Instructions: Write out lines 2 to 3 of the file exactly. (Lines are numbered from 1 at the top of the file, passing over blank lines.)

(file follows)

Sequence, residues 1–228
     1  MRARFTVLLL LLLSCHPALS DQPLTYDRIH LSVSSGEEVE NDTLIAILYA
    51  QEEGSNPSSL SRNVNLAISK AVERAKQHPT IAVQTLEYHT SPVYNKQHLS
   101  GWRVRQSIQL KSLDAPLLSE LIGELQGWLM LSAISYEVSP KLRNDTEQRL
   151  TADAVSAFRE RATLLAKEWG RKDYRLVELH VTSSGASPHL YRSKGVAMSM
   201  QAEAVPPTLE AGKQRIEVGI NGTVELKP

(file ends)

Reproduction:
     1  MRARFTVLLL LLLSCHPALS DQPLTYDRIH LSVSSGEEVE NDTLIAILYA
    51  QEEGSNPSSL SRNVNLAISK AVERAKQHPT IAVQTLEYHT SPVYNKQHLS